Socratic Seminar

Socratic Seminar
Pre-Seminar Question Writing:
 Close-Ended Question:
Write a question about the text that will help everyone come to an agreement about
events or characters in the text. This question usually has a “correct” answer. You
can answer the question by looking one place in the text. These are literal questions.
Tasks: Complete, Match, Name, Observe, Define,
Describe, Identify, List, Recite, Select, Scan
Example: What happened to Hester Prynne’s husband so that she was left alone in
Boston without a family? (Based on The Scarlet Letter).
 Open-Ended Question:
Write an insightful question about the text that will require proof and group
discussion and “construction of logic” to discover or explore the answer to the
question. These questions can be both literal and abstract. These questions require
people to look many places in the text in order to construct an answer.
Tasks: Compare, Contrast, Classify, Sort, Distinguish, Explain, Infer, Sequence, Analyze,
Synthesize, Make Analogies, Reason
Example: Why did Huck Finn decide to destroy the letter he wrote to turn in Jim at
the conclusion of The Adventures of Huckleberry Finn? And how did this signal a
change in both characters?
 World Connection Question:
Write a question connecting the text to the real world.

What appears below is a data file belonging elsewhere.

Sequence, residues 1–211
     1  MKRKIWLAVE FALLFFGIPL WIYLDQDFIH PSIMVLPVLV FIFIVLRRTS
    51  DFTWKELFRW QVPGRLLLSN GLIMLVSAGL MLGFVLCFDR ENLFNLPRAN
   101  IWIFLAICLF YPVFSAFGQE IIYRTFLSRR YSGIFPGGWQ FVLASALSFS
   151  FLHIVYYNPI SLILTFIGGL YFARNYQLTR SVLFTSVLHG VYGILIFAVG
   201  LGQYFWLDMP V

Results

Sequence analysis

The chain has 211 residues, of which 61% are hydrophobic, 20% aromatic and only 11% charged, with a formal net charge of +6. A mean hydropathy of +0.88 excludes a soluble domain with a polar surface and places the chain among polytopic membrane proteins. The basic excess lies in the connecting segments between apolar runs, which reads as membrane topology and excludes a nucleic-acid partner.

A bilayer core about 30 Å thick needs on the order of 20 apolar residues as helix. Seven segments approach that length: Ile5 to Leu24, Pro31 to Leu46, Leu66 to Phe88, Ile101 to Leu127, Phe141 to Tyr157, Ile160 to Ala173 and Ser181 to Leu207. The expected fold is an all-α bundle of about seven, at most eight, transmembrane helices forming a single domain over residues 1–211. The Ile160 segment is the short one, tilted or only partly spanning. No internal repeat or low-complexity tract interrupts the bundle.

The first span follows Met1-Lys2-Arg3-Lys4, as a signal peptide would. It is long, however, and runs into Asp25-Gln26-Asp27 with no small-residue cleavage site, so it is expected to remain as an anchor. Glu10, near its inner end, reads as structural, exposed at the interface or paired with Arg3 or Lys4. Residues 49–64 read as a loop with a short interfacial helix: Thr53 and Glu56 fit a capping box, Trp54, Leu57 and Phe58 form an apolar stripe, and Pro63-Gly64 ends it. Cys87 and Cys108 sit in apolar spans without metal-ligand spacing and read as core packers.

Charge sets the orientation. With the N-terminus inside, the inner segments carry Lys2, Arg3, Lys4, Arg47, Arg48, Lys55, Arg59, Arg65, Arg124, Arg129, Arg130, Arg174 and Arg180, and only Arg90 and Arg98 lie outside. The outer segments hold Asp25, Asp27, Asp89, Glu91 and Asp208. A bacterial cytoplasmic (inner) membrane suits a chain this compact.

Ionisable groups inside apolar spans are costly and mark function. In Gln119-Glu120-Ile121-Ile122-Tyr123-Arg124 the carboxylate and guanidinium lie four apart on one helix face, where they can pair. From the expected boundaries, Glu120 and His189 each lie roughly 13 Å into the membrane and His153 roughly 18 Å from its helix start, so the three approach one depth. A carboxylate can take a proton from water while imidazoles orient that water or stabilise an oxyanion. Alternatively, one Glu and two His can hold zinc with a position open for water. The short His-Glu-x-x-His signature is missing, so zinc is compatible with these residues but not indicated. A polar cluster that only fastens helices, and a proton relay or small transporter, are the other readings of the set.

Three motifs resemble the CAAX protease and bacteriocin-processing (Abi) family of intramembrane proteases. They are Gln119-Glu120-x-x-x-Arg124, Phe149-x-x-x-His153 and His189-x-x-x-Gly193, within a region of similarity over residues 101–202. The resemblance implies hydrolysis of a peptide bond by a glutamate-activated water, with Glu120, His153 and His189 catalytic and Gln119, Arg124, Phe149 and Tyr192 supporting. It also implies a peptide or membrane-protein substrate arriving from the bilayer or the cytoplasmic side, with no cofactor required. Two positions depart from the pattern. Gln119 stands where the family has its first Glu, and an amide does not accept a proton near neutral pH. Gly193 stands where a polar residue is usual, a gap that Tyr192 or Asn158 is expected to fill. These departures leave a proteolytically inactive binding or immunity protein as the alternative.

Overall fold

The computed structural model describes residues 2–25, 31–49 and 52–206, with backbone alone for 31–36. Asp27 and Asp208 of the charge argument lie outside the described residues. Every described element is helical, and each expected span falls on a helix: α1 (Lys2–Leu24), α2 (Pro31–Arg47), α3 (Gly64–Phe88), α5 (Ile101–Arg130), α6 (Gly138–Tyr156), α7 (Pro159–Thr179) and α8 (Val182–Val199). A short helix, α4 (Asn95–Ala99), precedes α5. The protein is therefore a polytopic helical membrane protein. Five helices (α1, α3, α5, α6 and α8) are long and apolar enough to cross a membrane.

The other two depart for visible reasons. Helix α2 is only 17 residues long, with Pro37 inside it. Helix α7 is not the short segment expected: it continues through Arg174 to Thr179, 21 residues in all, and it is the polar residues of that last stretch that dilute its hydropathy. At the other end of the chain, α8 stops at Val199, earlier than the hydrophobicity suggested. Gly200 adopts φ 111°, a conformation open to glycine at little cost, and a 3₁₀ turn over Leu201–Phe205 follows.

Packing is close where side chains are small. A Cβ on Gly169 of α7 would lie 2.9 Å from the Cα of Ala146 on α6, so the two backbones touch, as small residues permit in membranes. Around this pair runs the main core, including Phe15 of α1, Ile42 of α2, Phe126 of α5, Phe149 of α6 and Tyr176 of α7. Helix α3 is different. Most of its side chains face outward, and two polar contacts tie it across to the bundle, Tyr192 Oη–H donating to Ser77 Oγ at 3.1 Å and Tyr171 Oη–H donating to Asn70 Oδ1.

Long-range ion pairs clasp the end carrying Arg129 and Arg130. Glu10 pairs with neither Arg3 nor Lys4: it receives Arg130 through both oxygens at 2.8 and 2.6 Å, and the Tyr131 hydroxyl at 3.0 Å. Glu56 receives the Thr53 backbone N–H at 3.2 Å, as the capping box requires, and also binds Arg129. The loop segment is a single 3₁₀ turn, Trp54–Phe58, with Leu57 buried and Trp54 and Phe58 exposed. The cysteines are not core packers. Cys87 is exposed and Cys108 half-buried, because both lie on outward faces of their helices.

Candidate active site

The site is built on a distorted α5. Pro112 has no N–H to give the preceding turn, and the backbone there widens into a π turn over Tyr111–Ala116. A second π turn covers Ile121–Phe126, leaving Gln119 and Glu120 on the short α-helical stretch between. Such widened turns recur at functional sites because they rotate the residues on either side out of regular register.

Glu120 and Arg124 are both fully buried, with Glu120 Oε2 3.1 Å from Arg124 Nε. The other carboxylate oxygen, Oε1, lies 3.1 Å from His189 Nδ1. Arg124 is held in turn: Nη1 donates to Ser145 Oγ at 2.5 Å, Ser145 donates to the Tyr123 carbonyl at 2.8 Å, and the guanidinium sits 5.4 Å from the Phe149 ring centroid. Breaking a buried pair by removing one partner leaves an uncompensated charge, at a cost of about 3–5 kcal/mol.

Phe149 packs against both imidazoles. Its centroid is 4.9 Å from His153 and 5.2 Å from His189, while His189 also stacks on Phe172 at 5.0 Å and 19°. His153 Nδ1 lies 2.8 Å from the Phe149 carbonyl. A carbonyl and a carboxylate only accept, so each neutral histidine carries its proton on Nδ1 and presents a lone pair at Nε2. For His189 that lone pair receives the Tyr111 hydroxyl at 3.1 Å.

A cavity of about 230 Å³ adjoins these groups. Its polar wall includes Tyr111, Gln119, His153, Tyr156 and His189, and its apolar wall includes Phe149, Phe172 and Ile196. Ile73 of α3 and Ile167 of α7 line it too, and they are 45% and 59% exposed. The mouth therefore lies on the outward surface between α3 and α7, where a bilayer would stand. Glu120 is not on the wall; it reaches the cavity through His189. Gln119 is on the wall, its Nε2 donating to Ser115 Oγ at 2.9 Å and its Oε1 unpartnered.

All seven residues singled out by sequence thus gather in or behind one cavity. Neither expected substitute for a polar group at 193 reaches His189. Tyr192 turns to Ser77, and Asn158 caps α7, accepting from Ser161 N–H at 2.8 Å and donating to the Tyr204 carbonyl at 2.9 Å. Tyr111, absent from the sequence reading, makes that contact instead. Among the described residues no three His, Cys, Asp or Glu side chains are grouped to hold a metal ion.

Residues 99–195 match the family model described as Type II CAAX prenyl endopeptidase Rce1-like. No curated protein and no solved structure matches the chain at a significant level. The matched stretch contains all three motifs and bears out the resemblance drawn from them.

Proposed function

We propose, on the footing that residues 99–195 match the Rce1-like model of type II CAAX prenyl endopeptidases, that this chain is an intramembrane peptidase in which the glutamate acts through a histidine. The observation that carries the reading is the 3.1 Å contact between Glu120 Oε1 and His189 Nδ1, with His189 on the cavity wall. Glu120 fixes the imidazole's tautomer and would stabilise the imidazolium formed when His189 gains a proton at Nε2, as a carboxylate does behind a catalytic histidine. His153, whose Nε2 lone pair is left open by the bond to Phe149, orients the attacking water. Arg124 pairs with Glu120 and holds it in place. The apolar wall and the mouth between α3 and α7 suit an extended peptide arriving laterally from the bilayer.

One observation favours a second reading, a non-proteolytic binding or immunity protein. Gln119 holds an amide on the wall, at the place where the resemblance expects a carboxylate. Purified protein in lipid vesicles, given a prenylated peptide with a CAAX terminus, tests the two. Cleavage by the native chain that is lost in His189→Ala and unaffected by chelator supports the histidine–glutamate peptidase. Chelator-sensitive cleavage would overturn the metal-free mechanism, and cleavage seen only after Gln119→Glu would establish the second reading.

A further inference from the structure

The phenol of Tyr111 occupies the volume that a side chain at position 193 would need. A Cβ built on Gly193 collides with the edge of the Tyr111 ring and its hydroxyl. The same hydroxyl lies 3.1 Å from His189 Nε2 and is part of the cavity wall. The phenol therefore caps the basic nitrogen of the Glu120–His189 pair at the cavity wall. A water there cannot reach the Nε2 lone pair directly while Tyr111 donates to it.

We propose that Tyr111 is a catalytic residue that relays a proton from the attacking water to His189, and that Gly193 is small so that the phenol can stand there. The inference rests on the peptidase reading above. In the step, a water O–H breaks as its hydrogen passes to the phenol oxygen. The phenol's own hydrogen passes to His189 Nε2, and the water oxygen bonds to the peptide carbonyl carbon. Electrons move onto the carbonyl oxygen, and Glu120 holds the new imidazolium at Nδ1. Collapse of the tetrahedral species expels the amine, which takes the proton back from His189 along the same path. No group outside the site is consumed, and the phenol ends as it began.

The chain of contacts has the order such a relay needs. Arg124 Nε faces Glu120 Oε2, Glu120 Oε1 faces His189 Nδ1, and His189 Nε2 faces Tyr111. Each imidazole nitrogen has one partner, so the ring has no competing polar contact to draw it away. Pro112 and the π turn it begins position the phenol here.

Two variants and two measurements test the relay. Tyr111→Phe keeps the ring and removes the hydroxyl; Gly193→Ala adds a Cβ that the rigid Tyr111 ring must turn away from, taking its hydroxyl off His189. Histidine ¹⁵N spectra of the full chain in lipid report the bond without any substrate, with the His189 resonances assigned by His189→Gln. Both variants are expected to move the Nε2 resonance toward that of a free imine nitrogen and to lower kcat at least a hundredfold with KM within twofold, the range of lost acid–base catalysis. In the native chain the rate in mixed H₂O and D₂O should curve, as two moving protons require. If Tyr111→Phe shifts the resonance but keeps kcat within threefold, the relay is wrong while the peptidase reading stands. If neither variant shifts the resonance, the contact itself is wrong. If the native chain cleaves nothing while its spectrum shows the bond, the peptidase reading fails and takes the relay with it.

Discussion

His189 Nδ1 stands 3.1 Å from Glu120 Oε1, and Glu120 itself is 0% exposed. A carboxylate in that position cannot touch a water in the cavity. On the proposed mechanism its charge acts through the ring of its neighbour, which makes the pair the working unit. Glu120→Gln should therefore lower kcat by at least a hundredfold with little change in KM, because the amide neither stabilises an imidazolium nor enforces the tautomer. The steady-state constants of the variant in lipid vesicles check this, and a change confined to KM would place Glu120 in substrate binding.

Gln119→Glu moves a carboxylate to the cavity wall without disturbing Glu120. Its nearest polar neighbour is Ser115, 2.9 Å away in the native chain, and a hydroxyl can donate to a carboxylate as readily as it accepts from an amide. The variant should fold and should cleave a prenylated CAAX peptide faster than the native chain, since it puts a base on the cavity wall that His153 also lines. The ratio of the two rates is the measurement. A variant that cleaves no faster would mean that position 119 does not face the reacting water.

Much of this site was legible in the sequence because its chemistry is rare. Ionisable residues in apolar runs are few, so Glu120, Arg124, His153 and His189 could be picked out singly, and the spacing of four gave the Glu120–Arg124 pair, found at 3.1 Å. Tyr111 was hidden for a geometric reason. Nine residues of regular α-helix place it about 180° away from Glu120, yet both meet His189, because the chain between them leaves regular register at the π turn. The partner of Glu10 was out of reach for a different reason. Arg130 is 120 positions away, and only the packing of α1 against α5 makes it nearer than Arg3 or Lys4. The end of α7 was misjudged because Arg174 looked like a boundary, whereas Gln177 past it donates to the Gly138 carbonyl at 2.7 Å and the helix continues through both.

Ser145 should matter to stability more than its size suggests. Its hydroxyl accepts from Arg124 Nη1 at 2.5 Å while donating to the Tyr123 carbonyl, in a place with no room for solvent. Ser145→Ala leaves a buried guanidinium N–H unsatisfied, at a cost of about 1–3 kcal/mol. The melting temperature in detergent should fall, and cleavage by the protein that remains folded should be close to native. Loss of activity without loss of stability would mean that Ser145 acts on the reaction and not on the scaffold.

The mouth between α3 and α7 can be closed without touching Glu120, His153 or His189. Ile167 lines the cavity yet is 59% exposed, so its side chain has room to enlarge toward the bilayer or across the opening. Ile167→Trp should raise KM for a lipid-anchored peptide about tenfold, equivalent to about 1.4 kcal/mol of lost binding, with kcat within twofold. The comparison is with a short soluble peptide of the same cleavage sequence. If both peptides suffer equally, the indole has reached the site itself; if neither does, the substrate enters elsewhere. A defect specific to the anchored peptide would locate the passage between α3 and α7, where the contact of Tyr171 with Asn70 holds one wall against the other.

Example: If you were given only 24 hours to pack your most precious belongings in
a back pack and to get ready to leave your home town, what might you pack and
why? (Based on Night).
 Universal Theme/Core Question:
Write a question dealing with a theme(s) of the text that will encourage a group
discussion about the universality of the text. OOOh, here is thing two, abstract…but
still based on the literal, concrete details of the text.
Starters: Evaluate, Generalize, Imagine, Judge, Predict, Speculate, If/Then, Apply a principle,
Hypothesize, Forecast, Idealize.
Example: In what way is the wind in Didion’s “The Santa Ana” a metaphor for the
human condition? After reading The Adventures of Huckleberry Finn, what are the
elements of the literature that make it romantic as opposed to realistic?
 Style Question:
Write a question dealing with HOW an author chose to compose a literary piece. How
did the author manipulate point of view, characterization, poetic form, archetypal
hero patterns? What rhetorical devices, syntax, or methods of development and
organization was used?
Example: In “On WW II” how does the author use narrative distance to convey his
view of patriotism?
Guidelines for Participants in a Socratic Seminar:
Socratic Seminar
Refer to the text when needed during the discussion.
It’s OK to “pass” when asked to contribute.
Do not stay confused; ask for clarification.
Stick to the point currently under discussion; make notes about ideas you want to
come back to.
Don’t raise hands; take turns speaking. Do not dominate the discussion; call on
others for their opinion.
Listen carefully
Speak up so that all can hear you.
Discuss ideas rather than each other’s opinions.
You are responsible for the seminar.
Socratic Seminar is characterized by:
 suspending judgment
 examining our own work without defensiveness
 exposing our reasoning and looking for limits to it
 communicating our underlying assumptions
 exploring viewpoints more broadly and deeply
 being open to disconfirming data
 approaching someone who sees a problem differently not as an adversary, but as
a colleague in common pursuit of a better solution.